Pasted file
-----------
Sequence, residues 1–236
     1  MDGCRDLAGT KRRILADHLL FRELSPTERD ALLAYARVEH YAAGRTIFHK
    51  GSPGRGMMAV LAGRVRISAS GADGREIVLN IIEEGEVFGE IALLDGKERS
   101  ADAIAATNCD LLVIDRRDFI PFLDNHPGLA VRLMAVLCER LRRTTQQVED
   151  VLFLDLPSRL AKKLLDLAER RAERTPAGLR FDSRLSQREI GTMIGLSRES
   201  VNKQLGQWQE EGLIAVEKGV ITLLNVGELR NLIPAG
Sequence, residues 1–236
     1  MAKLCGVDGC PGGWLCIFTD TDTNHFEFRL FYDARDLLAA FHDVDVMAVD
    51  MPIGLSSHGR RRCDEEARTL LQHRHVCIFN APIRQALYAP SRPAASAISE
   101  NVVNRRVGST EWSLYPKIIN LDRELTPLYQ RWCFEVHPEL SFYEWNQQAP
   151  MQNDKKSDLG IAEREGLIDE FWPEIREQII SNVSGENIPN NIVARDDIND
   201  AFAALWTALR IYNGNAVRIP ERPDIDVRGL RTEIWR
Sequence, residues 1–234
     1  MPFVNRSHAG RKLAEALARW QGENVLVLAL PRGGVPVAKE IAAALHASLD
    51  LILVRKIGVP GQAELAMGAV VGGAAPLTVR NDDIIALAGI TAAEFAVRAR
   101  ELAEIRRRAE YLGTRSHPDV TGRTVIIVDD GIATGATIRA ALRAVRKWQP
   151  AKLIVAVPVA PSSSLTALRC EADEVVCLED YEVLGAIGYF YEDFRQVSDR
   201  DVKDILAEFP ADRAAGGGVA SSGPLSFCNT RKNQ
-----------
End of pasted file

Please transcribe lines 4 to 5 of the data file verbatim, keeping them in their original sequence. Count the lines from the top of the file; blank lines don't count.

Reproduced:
   101  ADAIAATNCD LLVIDRRDFI PFLDNHPGLA VRLMAVLCER LRRTTQQVED
   151  VLFLDLPSRL AKKLLDLAER RAERTPAGLR FDSRLSQREI GTMIGLSRES